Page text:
I) First Embodiment:

Example I-1

(1) Preparation of Dispersion I-A:

The following composition was pulverized by a sand mill until an average particle size of 1 micron.

______________________________________3-di(n-butyl)amino-6-methyl-7-phenylamino-                    10 partsfluorane1,2-di(3-methylphenoxy)ethane                    15 partsmethyl cellulose (5% aqueous solution)                    15 partswater                    80 parts______________________________________

(2) Preparation of Dispersion I-B:

The following composition was pulverized by a sand mill until an average particle size of 2 microns.

______________________________________4-hydroxy-4'-isopropoxydiphenylsulfone                  30 partsmethyl cellulose (5% aqueous solution)                  30 partswater                  70 parts______________________________________

(3) Preparation of Recording Layer:

The following composition was mixed with stirring to make a coating composition.

______________________________________Dispersion I-A             120 partsDispersion I-B             130 partsfinely divided silica      25 partsprecipitated calcium carbonate                      5 partssodium salt of water-soluble graft copolymer                      50 partsof polyacrylic acid and silicone in a weightratio of 8:2 (25% aqueous solution)zinc stearate (30% aqueous dispersion)                      20 partswater                      55 parts______________________________________

The coating composition was coated on wood free paper of 50 g/m2 in the weight of an amount of 5 g/m2 on dry basis and dried to form a heat-sensitive recording layer on the paper. The product was super-calendered to obtain a heat-sensitive recording material.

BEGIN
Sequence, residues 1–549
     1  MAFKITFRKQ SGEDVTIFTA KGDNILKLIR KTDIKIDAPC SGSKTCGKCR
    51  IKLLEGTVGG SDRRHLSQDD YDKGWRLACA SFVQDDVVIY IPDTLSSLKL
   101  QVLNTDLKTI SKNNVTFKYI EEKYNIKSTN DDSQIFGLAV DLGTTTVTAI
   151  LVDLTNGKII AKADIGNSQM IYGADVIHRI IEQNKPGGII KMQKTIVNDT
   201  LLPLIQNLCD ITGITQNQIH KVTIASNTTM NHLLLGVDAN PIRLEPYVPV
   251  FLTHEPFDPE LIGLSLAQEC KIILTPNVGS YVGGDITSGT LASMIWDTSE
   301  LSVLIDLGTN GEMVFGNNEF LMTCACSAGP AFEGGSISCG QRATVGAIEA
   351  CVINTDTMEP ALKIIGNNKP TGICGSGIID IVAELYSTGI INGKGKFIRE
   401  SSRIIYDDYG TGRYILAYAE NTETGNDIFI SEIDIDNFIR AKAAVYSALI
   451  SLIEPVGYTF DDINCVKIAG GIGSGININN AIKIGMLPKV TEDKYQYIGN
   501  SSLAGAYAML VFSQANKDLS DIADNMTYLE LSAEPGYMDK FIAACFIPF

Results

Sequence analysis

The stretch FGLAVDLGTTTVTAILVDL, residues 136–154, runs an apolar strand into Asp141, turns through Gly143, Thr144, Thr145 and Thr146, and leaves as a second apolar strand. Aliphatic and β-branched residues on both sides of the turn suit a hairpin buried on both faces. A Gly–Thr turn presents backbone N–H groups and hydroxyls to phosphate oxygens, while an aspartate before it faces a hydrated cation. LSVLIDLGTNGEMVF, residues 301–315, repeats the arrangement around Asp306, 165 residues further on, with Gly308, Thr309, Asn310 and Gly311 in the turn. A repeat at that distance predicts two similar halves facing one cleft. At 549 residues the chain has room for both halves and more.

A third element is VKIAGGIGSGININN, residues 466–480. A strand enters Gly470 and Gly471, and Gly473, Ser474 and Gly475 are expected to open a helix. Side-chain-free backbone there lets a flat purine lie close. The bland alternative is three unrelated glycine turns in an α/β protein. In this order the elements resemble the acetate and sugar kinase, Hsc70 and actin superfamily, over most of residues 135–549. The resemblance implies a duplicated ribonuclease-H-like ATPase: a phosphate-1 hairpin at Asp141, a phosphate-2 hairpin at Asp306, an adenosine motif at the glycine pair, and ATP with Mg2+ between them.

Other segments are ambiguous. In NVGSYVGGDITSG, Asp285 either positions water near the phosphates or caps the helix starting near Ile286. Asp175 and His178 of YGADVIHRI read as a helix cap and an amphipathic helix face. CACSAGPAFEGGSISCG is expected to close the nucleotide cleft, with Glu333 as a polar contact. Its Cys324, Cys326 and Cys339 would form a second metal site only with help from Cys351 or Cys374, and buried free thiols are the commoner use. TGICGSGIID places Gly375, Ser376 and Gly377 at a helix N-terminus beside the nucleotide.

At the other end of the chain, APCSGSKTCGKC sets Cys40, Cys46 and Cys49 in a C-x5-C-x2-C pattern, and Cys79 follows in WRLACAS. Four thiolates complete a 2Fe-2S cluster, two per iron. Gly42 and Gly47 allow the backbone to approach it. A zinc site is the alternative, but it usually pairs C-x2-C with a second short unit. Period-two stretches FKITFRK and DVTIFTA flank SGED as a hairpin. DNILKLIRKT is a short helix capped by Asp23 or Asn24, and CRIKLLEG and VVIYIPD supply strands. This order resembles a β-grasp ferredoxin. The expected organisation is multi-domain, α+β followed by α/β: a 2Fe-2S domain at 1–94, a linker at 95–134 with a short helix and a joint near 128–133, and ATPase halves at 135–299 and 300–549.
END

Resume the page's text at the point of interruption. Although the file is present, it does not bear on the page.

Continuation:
Example I-2

A heat-sensitive recording material was prepared in the same manner as in Example I-1 except that 25% aqueous solution of an ammonium salt of water-soluble graft-copolymer of polymethacrylic acid and silicone in a weight ratio of 85:15 was used instead of 25% aqueous solution of the sodium salt of water-soluble graft copolymer of polyacrylic acid and silicone.

Example I-3

A heat-sensitive recording material was prepared in the same manner as in Example I-1 except that 20 parts of 25% aqueous solution of a sodium salt of water-soluble graft-copolymer of maleic anhydride/styrene (3/1) copolymer and silicone in a weight ratio of 8:2 and 25 parts of 10% aqueous solution of silicon-modified polyvinyl alcohol were used instead of 50 parts of 25% aqueous solution of the sodium salt of water-soluble graft copolymer of polyacrylic acid and silicone.

Comparative Example I-1

A heat-sensitive recording material was prepared in the same manner as in Example I-1 except that 25 parts of 50% aqueous emulsion of methylmethacrylate/silicone (8/2) copolymer was used instead of 50 parts of 25% aqueous solution of the sodium salt of water-soluble graft copolymer of polyacrylic acid and silicone.

Comparative Example I-2

A heat-sensitive recording material was prepared in the same manner as in Example I-1 except that 125 parts of 10% aqueous solution of an acetoacerylated polyvinyl alcohol (Z-210 manufactured Nippon Gohsei Kagaku Kogyo Kabushiki Kaisha) was used instead of 50 parts of 25% aqueous solution of the sodium salt of water-soluble graft copolymer of polyacrylic acid and silicone.